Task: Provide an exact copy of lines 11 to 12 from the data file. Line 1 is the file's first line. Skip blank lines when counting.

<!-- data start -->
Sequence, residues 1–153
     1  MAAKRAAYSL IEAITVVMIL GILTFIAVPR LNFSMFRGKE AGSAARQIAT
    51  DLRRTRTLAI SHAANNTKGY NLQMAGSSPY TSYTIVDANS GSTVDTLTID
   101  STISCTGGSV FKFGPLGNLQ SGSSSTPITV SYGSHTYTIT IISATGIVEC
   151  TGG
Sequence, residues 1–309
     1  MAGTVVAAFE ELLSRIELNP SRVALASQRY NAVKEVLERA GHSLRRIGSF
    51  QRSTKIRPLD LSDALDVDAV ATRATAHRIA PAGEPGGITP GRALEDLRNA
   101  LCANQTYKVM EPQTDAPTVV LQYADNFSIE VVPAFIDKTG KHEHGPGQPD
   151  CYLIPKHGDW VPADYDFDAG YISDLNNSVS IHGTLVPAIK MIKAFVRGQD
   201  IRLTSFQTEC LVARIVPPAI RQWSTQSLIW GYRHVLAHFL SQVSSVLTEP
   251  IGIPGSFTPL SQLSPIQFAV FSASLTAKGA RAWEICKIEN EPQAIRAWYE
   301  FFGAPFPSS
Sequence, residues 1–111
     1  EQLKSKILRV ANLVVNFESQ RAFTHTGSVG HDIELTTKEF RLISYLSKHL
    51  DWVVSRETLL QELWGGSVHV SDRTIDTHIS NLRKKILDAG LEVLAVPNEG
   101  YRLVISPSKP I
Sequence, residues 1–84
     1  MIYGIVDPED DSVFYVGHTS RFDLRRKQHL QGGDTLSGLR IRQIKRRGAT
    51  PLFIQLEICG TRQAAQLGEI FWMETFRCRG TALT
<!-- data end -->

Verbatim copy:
   201  IRLTSFQTEC LVARIVPPAI RQWSTQSLIW GYRHVLAHFL SQVSSVLTEP
   251  IGIPGSFTPL SQLSPIQFAV FSASLTAKGA RAWEICKIEN EPQAIRAWYE